Mindfulness has become popular, promoted widely in business magazines, schools, the military, and health care centers, to name just a few places. Mindfulness is based in meditation practices that are thousands of years old, so it’s hardly “new.” So, why has the interest in being mindful grown so much?
One reason there is a lot of focus on mindfulness is because of the brain research studies that have proven that mindfulness practices can calm your nervous system and support recovery from a wide range of medical and stressful conditions. Mindfulness practices can also help you get beyond obstacles that are in the way of creating what you want. And finally, the global trauma from a pandemic has increased stress for most people, so it is no wonder that interest in mindfulness has increased.
In its simplest form, mindfulness is about paying attention, on purpose, in the present moment, with a non-judgmental focus. A mindfulness practice may be meditation, journaling, prayer, contemplative walking, or other ways to calm your mind and emotions.
When shifting from the Dreaded Drama Triangle (DDT) roles of Victim, Persecutor, and Rescuer, being mindful in the moment can gather your reactive thoughts and focus them into a more coherent and positive energy. When you go numb to what’s happening in the moment, it is easy to go on autopilot and react from early habits, deepening the hold the DDT may have on you.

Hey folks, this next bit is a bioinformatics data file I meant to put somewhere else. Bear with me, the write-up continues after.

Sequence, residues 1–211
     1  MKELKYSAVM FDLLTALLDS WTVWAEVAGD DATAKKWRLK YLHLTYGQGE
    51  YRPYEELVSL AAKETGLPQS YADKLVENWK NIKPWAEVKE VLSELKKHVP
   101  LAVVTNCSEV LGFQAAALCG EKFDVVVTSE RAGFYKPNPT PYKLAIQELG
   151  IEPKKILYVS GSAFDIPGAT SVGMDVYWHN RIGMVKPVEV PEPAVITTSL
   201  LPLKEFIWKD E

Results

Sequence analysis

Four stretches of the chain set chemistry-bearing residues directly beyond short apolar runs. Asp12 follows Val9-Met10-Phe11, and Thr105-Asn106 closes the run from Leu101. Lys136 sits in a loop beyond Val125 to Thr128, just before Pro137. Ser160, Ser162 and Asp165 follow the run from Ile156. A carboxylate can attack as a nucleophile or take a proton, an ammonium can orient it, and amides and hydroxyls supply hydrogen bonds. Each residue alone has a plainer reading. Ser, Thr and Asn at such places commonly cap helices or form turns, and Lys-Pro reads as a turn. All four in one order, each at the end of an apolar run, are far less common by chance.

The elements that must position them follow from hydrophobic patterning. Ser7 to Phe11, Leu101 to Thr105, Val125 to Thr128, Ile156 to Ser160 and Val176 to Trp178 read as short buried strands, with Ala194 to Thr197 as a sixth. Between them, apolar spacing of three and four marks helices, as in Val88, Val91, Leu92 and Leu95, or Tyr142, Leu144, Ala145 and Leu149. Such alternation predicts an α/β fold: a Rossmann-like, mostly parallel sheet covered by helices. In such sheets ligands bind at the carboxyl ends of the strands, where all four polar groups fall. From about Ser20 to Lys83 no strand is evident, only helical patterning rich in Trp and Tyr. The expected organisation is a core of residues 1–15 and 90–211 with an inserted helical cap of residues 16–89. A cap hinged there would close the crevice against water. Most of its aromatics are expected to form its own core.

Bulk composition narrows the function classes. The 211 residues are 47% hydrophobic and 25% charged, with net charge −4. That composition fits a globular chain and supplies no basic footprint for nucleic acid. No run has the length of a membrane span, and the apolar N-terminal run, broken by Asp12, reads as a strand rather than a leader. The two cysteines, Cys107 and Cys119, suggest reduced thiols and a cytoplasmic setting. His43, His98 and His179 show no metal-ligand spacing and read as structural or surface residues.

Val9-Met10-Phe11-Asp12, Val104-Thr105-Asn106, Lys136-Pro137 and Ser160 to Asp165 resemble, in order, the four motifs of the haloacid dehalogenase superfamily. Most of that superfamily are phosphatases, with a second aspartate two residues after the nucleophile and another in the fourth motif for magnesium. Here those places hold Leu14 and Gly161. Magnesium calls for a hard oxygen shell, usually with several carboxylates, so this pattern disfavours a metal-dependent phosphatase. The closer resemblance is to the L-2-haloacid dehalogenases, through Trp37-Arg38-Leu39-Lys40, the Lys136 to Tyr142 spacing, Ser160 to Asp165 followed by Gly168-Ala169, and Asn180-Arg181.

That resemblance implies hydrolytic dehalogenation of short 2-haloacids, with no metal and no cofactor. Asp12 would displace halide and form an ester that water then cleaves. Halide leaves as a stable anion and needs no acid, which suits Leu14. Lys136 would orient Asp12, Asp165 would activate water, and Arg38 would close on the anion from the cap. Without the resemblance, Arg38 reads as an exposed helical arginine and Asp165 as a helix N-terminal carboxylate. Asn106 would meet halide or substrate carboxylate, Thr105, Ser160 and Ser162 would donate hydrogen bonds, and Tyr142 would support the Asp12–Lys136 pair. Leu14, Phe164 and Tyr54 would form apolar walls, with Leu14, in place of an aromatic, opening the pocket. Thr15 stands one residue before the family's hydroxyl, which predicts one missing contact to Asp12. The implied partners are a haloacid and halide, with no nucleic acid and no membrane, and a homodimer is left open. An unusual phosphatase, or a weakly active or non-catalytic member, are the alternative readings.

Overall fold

When you are not aware of your thoughts and the feelings that lurk underneath the surface of your consciousness, you literally risk being at war with yourself and sabotaging what you want to create. This zaps your energy and explains why you may suddenly get triggered by something or someone. Being more self-aware in the moment can help you have your emotions, rather than your emotions having you.
Mindfulness can be as simple as sitting down and feeling your back and butt in the chair and your feet and toes on the floor. That simple act of bringing your non-judgmental attention to your body, combined with a few deep breaths, relaxes your nervous system. As you pause and observe your sensations as they rise and fall, you diminish the likelihood you will be hijacked by the DDT.
Mindfulness helps awaken your “inner observer.” The part of your brain that lights up when your inner observer is activated is a different area of your brain that is stimulated when you are in the DDT. That is how mindfulness practices help you get out of the DDT and reduce your tension and stress in the moment.
Becoming more mindful does not change your outer circumstances—it changes the way you perceive your circumstances. Things might appear the same on the outside, but mindfulness practices help you transform your inner experience. You get to change how you identify with your internal stories about your life, without really changing life. How convenient!
Shifting from Victim to Creator—from drama to empowerment—begins with focusing more on what you want than on what you don’t want. There is still tension in the gap between what you want and what you actually have, but mindfulness practices support you to watch your body’s response to it. When you do this, you expand your ability to be with the tension rather than allowing it to overwhelm you.
Those are a few great reasons why there is so much interest in mindfulness practices!